Last of Glasgow’s Red Road flats will be blown up this autumn


THE LAST of Glasgow’s Red Road Flats will be blown up this autumn – 10 years after it was revealed the ‘cities in the sky’ would be demolished.

The six remaining high rises in the north east of the city will be gone by the end of 2015, with the site taking a further two years to clear-up.

Once the tallest housing blocks in Europe, the imposing buildings will be brought down together using explosives.

The event will be a more low key affair than previously planned.

Commonwealth Games organisers had wanted the demolition to be part of the Glasgow 2014 opening ceremony.

But public outcry about the stunt – described as insensitive – and fears over safety, saw the plans scrapped.

The Red Road flats development consisted of eight huge towers, and was once home to 5,000 people.

Built between 1964 and 1969 they were seen as a key to tackling Glasgow’s post-war housing crisis.


Commonwealth Games organisers had wanted the demolition to be part of the Glasgow 2014 opening ceremony.


The first residents welcomed the move to the tower blocks but by the 1970s the estate became notorious for crime, antisocial behaviour and alcohol and drug problems.

In 2005 it was announced the tallest of the blocks would be brought down, with the others to follow suit. The first block was demolished in June 2012 and the second a year later.

The last Red Road flat residents, housed there by an asylum-seeker-housing provider, only moved out in February this year.

David Fletcher, director of regeneration at Glasgow Housing Association, insisted: “The project to demolish all eight Red Road flats and clear the site was always planned to take until 2017 and we are well on track.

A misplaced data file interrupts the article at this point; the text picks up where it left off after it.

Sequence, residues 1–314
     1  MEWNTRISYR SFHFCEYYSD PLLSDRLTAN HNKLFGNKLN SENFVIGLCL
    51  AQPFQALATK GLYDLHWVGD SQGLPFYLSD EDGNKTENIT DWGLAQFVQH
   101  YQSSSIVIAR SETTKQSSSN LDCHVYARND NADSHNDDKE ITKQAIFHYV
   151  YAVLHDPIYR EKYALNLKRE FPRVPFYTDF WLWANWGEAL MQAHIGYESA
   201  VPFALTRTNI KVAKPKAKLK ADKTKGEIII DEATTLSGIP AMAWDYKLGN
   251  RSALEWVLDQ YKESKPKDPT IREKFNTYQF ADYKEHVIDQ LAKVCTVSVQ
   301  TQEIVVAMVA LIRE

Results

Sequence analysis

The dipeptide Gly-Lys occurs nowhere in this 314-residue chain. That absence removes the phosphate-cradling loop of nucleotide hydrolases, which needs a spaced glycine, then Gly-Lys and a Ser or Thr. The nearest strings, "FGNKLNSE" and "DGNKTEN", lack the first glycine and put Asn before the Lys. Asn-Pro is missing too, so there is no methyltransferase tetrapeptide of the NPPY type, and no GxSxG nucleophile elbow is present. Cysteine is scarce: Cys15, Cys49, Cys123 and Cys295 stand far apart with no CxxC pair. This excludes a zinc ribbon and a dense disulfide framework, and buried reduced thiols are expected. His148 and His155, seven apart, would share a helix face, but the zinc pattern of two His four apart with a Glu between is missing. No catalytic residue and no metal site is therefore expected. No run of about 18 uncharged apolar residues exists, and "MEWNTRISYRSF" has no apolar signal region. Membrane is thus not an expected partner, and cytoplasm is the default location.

“We completely understand that, for people living nearby, this project is taking a long time and we would like to thank them for their patience and co-operation.”

He continued: “It was initially anticipated the blowdown of the blocks would be done on a phased basis with several separate blowdown operations over a number of years.

“However, we have listened carefully to the community and, as a result, have been very keen to do everything we can to minimise disruption to people.

“The single blowdown in autumn this year will greatly reduce the inconvenience to surrounding residents and businesses while allowing us to meet our original timescale of demolishing and clearing the site by 2017.”

He added: “The demolition of Red Road, which will pave the way for future regeneration, is a huge and complex project which has involved rehousing more than 1,300 people and carrying out very specialised preparation work to the blocks so they can be demolished safely.”

However, some believe the demolition should have been completed long before now.

Phil Greene, the SNP councillor for the area, said: “They should have been down years ago.

“They could have all come down in a oner about five years ago.

“They are an eyesore and the dust and grit that blows off them is horrific. But this is a very big project and it really is going to take a long time to clear up afterwards, which will bring trucks of dirt going through our streets.”


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